What is multi-factor authentication, and why do I need it?

What can MFA do for you? It can strengthen your entire cyber defense. Here's how different multi-factor authentication methods measure up.

What is multi-factor authentication, and why do I need it?

When you manage or work in a small business, it rarely feels like there's enough time in the day. Adding more devices or new processes to the mix is likely the last thing on your mind — and that’s a major reason why multi-factor authentication (MFA) isn’t adopted.

The problem is, businesses need the extra layer of security that MFA provides: weak passwords are primary avenues for hackers, and robust password policies are few and far between.

The good news is that MFA doesn’t actually require any extra device or process that could disrupt your existing ways of working. The better news is that MFA can prevent 99.9% of account compromise attacks, so it’s a simple way around that poor password predicament.

And the advantages don’t end there. Combined with a sound data backup strategy, MFA is a front-line defense against ransomware, drastically reducing the chances of a successful hack. If you’re still on the fence about MFA, here’s an explanation of why, how, and when it should be part of your cybersecurity strategy.

What is MFA, exactly?

As the name suggests, multi-factor authentication means using more than one identifying factor (or modality) to prove your identity. The first factor is a username plus password, and the second factor is proof that you own the connected device or account.

In general, two factors are applied to authenticate a user, so the term two-factor authentication, or 2FA, can be used interchangeably with MFA. In some cases, you may also choose to use a recovery code in order to protect and access your account if you were to lose the device that serves as the second factor, which would make your MFA strategy 2FA with two alternatives to choose from.

The strategy behind multi-factor authentication

You can think of MFA as creating a path of greater resistance: it throws a big hurdle in front of the hacker, intending to make it too difficult and time consuming to bother infiltrating your exchange. The reason for using two different modalities is to force the attacker to face distinct and distant means of authentication at once, so it’s difficult to compromise both at the same time.

Consider this: if a friend were to send a suspicious email asking for something, you wouldn’t simply reply to that email to challenge its legitimacy; a phone call would be a much better way to confirm they actually sent you that message. This way, if the email was indeed a phishing attempt, the attacker would also have to hijack the phone call to pull off the con.

MFA is setting up this process of confirmation in an automated way, with trusted mechanisms to prove you are who you claim to be. Whether a hacker is targeting you specifically or simply exploiting a list of leaked passwords, MFA will protect you.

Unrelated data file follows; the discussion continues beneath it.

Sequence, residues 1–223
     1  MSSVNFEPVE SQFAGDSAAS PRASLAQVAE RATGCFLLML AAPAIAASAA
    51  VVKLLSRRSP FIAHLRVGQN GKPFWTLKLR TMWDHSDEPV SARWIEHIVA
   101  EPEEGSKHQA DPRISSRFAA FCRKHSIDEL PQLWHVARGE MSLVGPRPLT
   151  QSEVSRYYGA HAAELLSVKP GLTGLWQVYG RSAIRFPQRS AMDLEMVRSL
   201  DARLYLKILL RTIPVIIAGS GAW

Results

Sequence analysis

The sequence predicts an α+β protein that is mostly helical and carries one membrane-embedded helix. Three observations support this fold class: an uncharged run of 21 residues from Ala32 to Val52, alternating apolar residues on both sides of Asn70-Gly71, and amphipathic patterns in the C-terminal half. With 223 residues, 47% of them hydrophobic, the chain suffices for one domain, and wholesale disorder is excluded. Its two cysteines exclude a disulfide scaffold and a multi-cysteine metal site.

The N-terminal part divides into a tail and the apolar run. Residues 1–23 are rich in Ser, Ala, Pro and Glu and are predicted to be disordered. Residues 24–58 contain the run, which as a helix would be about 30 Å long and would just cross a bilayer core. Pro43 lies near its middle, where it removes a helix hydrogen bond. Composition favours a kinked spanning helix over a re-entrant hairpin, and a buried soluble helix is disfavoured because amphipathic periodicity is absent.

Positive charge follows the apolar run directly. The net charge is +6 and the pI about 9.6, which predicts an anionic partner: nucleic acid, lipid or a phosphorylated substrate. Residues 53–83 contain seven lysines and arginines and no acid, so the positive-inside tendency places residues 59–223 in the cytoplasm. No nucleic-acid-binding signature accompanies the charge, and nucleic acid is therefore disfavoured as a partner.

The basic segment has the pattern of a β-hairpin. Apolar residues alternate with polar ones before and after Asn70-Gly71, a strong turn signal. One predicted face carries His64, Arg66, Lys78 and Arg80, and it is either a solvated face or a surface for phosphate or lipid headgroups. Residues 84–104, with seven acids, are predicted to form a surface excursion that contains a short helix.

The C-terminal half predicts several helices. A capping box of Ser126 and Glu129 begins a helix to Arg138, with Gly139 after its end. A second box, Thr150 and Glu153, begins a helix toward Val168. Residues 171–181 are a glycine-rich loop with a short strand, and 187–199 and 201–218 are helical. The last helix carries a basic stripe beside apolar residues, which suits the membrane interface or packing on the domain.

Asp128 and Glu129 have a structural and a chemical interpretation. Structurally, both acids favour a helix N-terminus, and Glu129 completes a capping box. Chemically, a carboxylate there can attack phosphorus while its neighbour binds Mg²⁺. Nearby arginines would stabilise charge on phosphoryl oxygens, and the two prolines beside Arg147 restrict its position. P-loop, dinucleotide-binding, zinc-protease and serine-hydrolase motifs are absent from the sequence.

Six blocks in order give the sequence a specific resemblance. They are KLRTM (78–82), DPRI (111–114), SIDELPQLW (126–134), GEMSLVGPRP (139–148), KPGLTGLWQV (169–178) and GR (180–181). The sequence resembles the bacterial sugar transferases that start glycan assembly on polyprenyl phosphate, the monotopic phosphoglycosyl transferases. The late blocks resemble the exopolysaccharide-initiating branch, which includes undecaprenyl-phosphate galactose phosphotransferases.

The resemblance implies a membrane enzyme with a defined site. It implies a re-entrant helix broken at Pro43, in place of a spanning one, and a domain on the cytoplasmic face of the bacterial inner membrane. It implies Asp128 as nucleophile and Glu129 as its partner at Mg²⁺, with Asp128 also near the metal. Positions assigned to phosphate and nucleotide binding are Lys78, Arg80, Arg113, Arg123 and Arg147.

How do multi-factor authentication methods rank?

MFA modalities fall into three categories: something you know (like a password or PIN), something you have (like a smart card), and something you are (like your fingerprint). To enhance security, the credentials you choose to use must come from different categories (for instance, entering two different passwords wouldn’t be multi-factor authentication).  

Simply put, the best factors to use are those that can’t be stolen from under your nose. Virtual modalities are convenient, but they aren’t as strong as tangible options. Of course, there are trade-offs with any MFA modality — here’s a rundown of your options.


Everybody uses passwords, and while they're a mainstay of the internet, they’re not strong MFA factors because they can be guessed. In fact, over 80% of data breaches are traced to poor or reused passwords, according to a Verizon Report.

It’s unlikely you could avoid using passwords altogether, so it’s a matter of being smart about your approach. Don’t reuse passwords, make them long and complex (as complexity increases, the chances of a brute force attack decrease), and arrange for your accounts to be locked after a few unsuccessful login attempts. There are plenty of other ways to improve your password hygiene worth considering, too.

The best way to use and keep track of many distinct, complex passwords is with a password manager: it's an invaluable tool that can help you improve your passwords, remember them for you, and even monitor whether they’re been involved in a breach. Be sure to activate MFA when using your password manager.